Figure 3:  Forms 3949‑A Processing

Figure 3 was removed due to its size.  To see Figure 3, please go to the Adobe PDF version of the report on the TIGTA Public Web Page.

Source:  Observation and interviews with IRS officials.

Our statistical sample of 530 Forms 3949‑A identified that 192 (36 percent)[12] were not tax related or lacked needed information.  Based on the 116,307 Forms 3949‑A received in Fiscal Year 2011, the IRS could potentially process 41,871 Forms 3949‑A that are not routable.  Taxpayers sent these Forms 3949‑A to the IRS only for the forms to be ultimately destroyed.  The sender was not notified of the destruction. 

Forms 3949‑A used to report identity theft were mishandled

The Accounts Management function clerical unit does not have adequate procedures in place to process Forms 3949‑A that taxpayers submitted to report that they have been victims of identity theft.  As a result, the forms were not forwarded for appropriate actions, and most were destroyed.

Prior to Fiscal Year 2009, Forms 3949‑A were generally destroyed if identity theft was reported on them.  In Fiscal Year 2009, clerical unit staff became concerned about the growing emphasis on identity theft and attempted to establish procedures for processing identity theft reported on Forms 3949‑A.  However, the Identity Protection Specialized Unit[13] refused to accept the Forms 3949‑A, and procedures were never developed.  The inventory of these Forms 3949‑A began to build and in December 2010 approximately 3,000 Forms 3949‑A were destroyed, in part because there were no procedures and no letters existed for contacting the identity theft victims.

In March 2012, temporary procedures were established to handle another buildup of Forms 3949‑A inventory.  On May 2, 2012, the IRS implemented guidelines instructing employees to treat Form 3949‑A used to report identity theft as a Form 14039, Identity Theft Affidavit.  The Form 3949‑A, accepted as a Form 14039, must have an attached police report and State/Federal identification.  However, this is inconsistent with IRS identity theft procedures that state a Form 14039 may be accepted as a claim of identity theft without a police report. 

In addition, it was not until March 2012 that the first procedures were established for dependent‑related identity theft issues,[14] even though the Accounts Management function clerical unit did not consider dependent-related identity theft issues to be identity theft.  However, employees are instructed to send Forms 3949‑A reporting dependent-related identity theft to the Accounts Management function for assignment and resolution, classified as regular taxpayer correspondence.  These forms should receive priority and be classified as identity theft cases.  Taxpayers will experience delays until Forms 3949‑A are classified as identity theft and subsequently sent to an Identity Theft unit to be worked and resolved.  In a prior Treasury Inspector General for Tax Administration (TIGTA) report,[15] an analysis of correspondence identified that the average time to work a correspondence case was approximately 60 days.  The 60 days will be in addition to the time it already takes to work an identity theft case.  Another prior TIGTA report stated that it can take up to a year to resolve an identity theft case.[16]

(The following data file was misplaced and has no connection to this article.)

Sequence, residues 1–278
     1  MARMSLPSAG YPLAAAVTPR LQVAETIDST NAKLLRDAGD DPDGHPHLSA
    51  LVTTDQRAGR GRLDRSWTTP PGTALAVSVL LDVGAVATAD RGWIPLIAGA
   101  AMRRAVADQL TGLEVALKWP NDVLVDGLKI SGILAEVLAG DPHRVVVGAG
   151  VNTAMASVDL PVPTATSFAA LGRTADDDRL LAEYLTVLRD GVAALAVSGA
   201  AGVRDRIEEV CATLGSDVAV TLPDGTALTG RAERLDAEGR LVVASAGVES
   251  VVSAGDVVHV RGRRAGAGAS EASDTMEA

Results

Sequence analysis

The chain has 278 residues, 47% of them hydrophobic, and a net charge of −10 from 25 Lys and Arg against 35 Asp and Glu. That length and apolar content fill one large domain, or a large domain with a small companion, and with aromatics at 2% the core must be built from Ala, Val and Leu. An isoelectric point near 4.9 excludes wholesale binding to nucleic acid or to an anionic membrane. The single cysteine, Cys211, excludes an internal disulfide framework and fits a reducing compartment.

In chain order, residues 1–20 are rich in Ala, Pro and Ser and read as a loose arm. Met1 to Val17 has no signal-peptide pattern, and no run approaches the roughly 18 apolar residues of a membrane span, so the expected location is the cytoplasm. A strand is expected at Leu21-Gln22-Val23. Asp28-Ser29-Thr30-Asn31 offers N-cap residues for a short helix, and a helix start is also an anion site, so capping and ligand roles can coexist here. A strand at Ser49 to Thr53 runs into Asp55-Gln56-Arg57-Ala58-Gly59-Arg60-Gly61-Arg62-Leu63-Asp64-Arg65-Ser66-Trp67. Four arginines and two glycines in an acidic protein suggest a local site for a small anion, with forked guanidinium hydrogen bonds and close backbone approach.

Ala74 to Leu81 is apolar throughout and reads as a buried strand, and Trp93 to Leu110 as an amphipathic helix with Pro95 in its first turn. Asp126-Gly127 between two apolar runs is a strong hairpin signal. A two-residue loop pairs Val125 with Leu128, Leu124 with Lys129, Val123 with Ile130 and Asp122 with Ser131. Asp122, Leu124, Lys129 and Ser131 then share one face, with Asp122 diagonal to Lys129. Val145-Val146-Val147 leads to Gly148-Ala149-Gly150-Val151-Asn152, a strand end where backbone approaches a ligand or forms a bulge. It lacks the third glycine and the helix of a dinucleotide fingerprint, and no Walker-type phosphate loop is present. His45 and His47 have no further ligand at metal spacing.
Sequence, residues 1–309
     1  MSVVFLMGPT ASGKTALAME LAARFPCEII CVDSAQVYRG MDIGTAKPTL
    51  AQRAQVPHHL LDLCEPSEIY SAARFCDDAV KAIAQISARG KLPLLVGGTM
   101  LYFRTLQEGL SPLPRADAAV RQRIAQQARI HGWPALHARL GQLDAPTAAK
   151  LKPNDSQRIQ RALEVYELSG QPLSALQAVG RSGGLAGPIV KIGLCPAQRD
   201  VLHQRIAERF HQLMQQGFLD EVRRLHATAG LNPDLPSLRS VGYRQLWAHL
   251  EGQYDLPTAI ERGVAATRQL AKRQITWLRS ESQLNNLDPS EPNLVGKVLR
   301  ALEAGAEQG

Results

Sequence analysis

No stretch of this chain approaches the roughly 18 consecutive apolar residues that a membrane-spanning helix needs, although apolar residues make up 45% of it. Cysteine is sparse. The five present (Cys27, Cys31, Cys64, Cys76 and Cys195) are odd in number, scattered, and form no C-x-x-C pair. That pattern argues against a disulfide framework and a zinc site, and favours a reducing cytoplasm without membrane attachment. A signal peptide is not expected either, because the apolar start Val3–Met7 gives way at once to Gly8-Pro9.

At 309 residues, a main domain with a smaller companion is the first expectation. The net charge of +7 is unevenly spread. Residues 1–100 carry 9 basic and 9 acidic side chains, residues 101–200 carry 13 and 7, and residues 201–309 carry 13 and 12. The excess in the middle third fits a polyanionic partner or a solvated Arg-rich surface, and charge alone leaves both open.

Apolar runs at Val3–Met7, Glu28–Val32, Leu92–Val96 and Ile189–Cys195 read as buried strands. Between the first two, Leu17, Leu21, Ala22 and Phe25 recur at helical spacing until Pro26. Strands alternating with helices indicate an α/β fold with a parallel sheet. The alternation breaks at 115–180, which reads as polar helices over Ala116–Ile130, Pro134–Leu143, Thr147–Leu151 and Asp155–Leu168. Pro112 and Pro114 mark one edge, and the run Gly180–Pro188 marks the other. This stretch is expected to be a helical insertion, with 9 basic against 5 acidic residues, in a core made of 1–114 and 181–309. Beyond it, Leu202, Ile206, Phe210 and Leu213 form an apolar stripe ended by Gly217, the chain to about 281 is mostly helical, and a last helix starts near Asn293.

Tax returns submitted by identity theft victims with Forms 3949-A are not processed timely.  The IRS has developed IRS-wide identity theft procedures to ensure effective victim assistance and processing of claims, including tax returns.  However, the Accounts Management function clerical unit has not incorporated procedures for routing tax returns submitted with Forms 3949‑A reporting identity theft.  Tax returns identified in the sample of 530 Forms 3949‑A were still not posted by the IRS as of June 21, 2012.